The Monoheme c Subunit of Respiratory Alternative Complex III Is Not Essential for Electron Transfer to Cytochrome aa3 in Flavobacterium johnsoniae

Katarzyna Lorencik, Robert Ekiert, Yongtao Zhu, Mark J. McBride, Robert B. Gennis, Marcin Sarewicz*, Artur Osyczka

*Corresponding author for this work

Research output: Contribution to journalArticlepeer-review

1 Citation (Scopus)


Bacterial alternative complex III (ACIII) catalyzes menaquinol (MKH2) oxidation, presumably fulfilling the role of cytochromes bc1/b6f in organisms that lack these enzymes. The molecular mechanism of ACIII is unknown and so far the complex has remained inaccessible for genetic modifications. The recently solved cryo-electron microscopy (cryo-EM) structures of ACIII from Flavobacterium johnsoniae, Rhodothermus marinus, and Roseiflexus castenholzii revealed no structural similarity to cytochrome bc1/b6f and there were variations in the heme-containing subunits ActA and ActE. These data implicated intriguing alternative electron transfer paths connecting ACIII with its redox partner, and left the contributions of ActE and the terminal domain of ActA to the catalytic mechanism unclear. Here, we report genetic deletion and complementation of F. johnsoniae actA and actE and the functional implications of such modifications. Deletion of actA led to the loss of activity of cytochrome aa3 (a redox partner of ACIII in this bacterium), which confirmed that ACIII is the sole source of electrons for this complex. Deletion of actE did not impair the activity of cytochrome aa3, revealing that ActE is not required for electron transfer between ACIII and cytochrome aa3. Nevertheless, absence of ActE negatively impacted the cell growth rate, pointing toward another, yet unidentified, function of this subunit. Possible explanations for these observations, including a proposal of a split in electron paths at the ActA/ActE interface, are discussed. The described system for genetic manipulations in F. johnsoniae ACIII offers new tools for studying the molecular mechanism of operation of this enzyme. IMPORTANCE Energy conversion is a fundamental process of all organisms, realized by specialized protein complexes, one of which is alternative complex III (ACIII). ACIII is a functional analogue of well-known mitochondrial complex III, but operates according to a different, still unknown mechanism. To understand how ACIII interacts functionally with its protein partners, we developed a genetic system to mutate the Flavobacterium johnsoniae genes encoding ACIII subunits. Deletion and complementation of heme-containing subunits revealed that ACIII is the sole source of electrons for cytochrome aa3 and that one of the redox-active subunits (ActE) is dispensable for electron transfer between these complexes. This study sheds light on the operation of the supercomplex of ACIII and cytochrome aa3 and suggests a division in the electron path within ACIII. It also shows a way to manipulate protein expression levels for application in other members of the Bacteroidetes phylum.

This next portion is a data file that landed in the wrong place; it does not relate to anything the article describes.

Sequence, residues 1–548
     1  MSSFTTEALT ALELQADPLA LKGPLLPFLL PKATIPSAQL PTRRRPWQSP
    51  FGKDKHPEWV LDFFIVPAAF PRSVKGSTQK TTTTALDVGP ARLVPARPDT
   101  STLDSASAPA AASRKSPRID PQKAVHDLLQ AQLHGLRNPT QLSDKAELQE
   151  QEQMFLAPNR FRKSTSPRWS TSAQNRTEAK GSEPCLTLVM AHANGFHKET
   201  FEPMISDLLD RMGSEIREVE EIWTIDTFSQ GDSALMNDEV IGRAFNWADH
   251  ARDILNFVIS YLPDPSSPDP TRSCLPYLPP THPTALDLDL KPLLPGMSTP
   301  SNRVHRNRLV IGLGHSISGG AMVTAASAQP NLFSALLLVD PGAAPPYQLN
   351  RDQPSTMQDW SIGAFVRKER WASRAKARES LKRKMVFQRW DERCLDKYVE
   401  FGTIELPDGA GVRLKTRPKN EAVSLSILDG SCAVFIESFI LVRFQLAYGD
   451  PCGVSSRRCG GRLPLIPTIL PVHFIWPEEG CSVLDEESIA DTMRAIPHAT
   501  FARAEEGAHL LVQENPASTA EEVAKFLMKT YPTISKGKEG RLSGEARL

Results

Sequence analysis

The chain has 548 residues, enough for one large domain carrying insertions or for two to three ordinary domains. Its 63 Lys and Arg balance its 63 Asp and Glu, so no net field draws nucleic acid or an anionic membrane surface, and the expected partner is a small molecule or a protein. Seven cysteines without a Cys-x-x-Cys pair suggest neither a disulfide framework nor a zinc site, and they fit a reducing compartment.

Original languageEnglish
Pages (from-to)1-12
Number of pages12
JournalMicrobiology Spectrum
Issue number1
Publication statusPublished - Sept 2021
Externally publishedYes


  • Flavobacterium johnsoniae
  • alternative complex III
  • menaquinol
  • ompA promoter
  • oxygen consumption
  • quinone reductase


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